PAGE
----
- Possess means to own or to have.
- An example of possess is when you own a house.
- An example of possess is when you have a quick temper.
- To possess is to have an overwhelming thought or a demon taking over your mind or body.
- An example of possess is to be obsessed with the idea of proposing marriage.
- An example of possess is for the devil to control your mind.
- to hold as property or occupy in person; have as something that belongs to one; own
- to have as an attribute, quality, faculty, etc.: to possess wisdom
- to have knowledge or mastery of (a language, etc.)
- to gain strong influence or control over; dominate: possessed by an idea
- to keep control over or maintain (oneself, one's mind, etc.)
- to have sexual intercourse with (a woman)
- to put (someone) in possession of property, facts, etc.; cause to have something specified: usually with of
- Archaic to seize or win
Origin of possessLate Middle English from Middle French possessier from Classical Latin possessus, past participle of possidere, to possess from pos-, contr. from potis, able (see potent) + sedere, to sit
transitive verbpos·sessed, pos·sess·ing, pos·sess·es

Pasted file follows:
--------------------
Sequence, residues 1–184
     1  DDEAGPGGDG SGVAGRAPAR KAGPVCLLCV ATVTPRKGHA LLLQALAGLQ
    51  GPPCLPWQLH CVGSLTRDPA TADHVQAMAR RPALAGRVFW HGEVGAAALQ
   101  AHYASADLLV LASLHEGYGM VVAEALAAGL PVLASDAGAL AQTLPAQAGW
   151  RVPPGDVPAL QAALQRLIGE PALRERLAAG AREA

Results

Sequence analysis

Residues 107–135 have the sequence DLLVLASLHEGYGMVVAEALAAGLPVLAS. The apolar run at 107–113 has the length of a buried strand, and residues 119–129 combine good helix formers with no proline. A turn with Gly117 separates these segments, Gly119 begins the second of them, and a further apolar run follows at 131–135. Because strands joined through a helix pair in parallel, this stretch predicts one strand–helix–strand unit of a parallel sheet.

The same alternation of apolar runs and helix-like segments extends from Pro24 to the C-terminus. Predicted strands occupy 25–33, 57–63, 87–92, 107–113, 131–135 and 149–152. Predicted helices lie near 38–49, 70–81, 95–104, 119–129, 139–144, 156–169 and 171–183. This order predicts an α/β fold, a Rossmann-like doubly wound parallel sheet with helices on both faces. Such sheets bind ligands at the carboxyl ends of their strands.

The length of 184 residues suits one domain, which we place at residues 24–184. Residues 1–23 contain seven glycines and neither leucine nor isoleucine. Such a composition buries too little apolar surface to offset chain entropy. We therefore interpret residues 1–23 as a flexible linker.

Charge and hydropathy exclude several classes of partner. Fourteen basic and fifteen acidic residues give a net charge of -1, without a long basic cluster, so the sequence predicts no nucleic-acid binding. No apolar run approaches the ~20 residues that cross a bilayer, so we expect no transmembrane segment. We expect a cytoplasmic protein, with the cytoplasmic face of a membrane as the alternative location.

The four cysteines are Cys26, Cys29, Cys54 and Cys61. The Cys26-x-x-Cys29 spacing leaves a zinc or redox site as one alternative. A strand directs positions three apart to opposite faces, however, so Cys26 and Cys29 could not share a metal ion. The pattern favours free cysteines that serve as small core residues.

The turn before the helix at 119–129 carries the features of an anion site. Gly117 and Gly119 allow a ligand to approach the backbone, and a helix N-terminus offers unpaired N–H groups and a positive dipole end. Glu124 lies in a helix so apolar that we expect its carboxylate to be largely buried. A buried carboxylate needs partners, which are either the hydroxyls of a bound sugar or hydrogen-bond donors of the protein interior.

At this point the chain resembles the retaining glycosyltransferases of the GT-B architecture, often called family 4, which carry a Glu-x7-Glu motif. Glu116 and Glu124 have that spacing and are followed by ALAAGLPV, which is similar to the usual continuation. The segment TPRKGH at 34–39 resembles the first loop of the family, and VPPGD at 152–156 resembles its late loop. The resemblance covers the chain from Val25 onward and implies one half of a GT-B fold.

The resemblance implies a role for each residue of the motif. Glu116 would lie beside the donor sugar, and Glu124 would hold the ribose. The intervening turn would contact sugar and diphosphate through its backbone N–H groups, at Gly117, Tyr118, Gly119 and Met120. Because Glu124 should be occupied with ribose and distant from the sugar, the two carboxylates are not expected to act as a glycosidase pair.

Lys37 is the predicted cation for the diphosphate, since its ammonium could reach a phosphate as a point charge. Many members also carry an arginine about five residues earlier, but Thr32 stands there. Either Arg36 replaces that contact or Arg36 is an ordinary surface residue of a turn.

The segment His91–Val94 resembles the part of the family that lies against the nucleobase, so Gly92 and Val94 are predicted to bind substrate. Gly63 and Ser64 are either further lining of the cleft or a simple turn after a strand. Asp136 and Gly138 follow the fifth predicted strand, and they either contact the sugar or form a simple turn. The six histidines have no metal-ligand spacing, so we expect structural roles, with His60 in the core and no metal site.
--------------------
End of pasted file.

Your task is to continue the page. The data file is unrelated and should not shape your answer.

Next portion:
- a. To have as property; own: possess great wealth.b. Law To have under one's power or control: possess illegal drugs.
- a. To have as a quality, characteristic, or other attribute: possesses great tact.b. To have mastery or knowledge of: possess a knowledge of Sanskrit; possess valuable information.
- a. To gain control or power over. Used of a demon or spirit.b. To occupy fully the mind or feelings of: The dancers were possessed by the music.c. Often Offensive To have sexual intercourse with (a woman).d. Archaic To control or maintain (one's nature) in a particular condition: I possessed my temper despite the insult.
- Archaic To cause (oneself) to own, hold, or master something, such as property or knowledge.
- Archaic To gain or seize.
Origin of possessMiddle English possessen from Old French possesser from Latin possidēre possess- pos- as master ; see poti- in Indo-European roots. sedēre to sit ; see sed- in Indo-European roots.
(third-person singular simple present possesses, present participle possessing, simple past and past participle possessed)
- To have; to have ownership of.
- He does not even possess a working telephone.
- To take control of someone's body or mind, especially in a supernatural manner.
- They thought he was possessed by evil spirits.
- (dated, with of) To vest ownership in (someone); to give someone power or knowledge; to acquaint; to inform.
- From Latin possessus, past participle of possÄ«deÅ.